Moreover, there are different kinds of imperialism and, despite the huge amount of scholarship he has put into this debate, especially in The Clash of Civilizations, Huntington has not considered them all. By the mid-nineteenth century, after 250 years’ experience in the imperial game, Britain found the most workable model was what you might call imperialism lite, confined largely to promoting free trade and keeping the peace. That is, the British Empire focused on civic freedom, or the rule of law, and economic freedom, or laissez-faire, both of which are essential for modern development. The British did not seek to impose any dominant ideology or change indigenous cultures, except by outlawing activities on the extreme edge of acceptability, such as human sacrifice and the incineration of widows. They saw themselves as custodians of traditional laws and sought to maintain civil order within states and between states. The model was not perfect and didn’t always work, but it is hard to argue that it is completely incompatible with the American values that Huntington thinks can only be preserved by American nationalism.

One final point: In preparing this paper I realized there is an important agenda that should be taken up by those of us who are proponents of an Anglosphere. The fact that someone as well-read and dedicated to scholarly values as Huntington could accept the thesis of American exceptionalism, despite all the evidence to the contrary provided by the history of Britain itself, let alone that of its other colonial offshoots, should be a matter of concern. The Anglosphere is not simply a group identified by its language. The values of the American creed—liberty, equality, individualism, representative government, and private property—are also the deep-seated values that define the Anglosphere. So I would hope the Anglosphere project will aim a little higher than identifying useful policies in economics or immigration, and even be more ambitious than supporting the movement for Britain to withdraw from the European Union. It should also be a project to define who we are. This is partly a project for historians but should go much further than intervening in debates about Britain’s alleged genocide against the Irish in the Great Famine, or against the Aborigines on the Australian frontier. For there is one thing Samuel Huntington surely got right: How the peoples of nations identify themselves through their historical traditions and how they articulate their core values—that is, how they define who they are—really do constitute the elements of how they define their national interests today, and, ultimately, of how they determine their future.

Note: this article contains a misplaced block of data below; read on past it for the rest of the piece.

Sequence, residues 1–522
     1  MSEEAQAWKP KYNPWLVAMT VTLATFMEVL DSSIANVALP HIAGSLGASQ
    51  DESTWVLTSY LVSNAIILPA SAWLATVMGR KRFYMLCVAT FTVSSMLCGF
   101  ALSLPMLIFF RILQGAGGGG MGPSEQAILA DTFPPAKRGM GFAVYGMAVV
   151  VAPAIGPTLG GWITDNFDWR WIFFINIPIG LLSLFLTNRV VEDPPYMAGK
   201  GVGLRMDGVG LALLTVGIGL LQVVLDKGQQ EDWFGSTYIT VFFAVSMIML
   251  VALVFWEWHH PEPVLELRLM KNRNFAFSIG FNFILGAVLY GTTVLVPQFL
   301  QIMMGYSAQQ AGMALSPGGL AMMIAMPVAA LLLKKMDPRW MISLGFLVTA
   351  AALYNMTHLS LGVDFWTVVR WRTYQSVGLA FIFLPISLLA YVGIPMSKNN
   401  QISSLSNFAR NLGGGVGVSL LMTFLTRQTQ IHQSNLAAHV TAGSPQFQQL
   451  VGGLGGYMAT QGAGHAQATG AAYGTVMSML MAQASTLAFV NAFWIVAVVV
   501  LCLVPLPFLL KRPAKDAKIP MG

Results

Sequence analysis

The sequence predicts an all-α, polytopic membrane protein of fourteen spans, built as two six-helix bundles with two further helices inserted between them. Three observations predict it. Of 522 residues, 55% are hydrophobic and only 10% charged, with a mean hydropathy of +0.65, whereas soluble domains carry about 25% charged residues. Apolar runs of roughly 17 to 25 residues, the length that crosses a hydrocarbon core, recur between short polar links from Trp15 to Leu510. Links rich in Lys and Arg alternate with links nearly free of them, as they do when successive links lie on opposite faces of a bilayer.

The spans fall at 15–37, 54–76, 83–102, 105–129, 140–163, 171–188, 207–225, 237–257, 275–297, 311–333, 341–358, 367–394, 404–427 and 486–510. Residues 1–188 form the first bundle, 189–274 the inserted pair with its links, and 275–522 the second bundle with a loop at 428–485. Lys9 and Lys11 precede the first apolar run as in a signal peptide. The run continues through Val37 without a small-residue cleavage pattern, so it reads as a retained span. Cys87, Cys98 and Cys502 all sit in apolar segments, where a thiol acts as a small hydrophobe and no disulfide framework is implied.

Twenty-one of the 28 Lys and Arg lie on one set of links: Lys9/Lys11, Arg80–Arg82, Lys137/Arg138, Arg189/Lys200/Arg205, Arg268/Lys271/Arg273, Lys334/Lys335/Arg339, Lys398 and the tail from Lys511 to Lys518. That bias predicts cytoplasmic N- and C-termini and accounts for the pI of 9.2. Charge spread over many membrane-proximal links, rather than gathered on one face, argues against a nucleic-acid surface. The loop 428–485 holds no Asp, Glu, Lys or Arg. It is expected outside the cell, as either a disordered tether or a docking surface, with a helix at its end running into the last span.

This article originally appeared in The New Criterion, Volume 32 Number 5, on page 23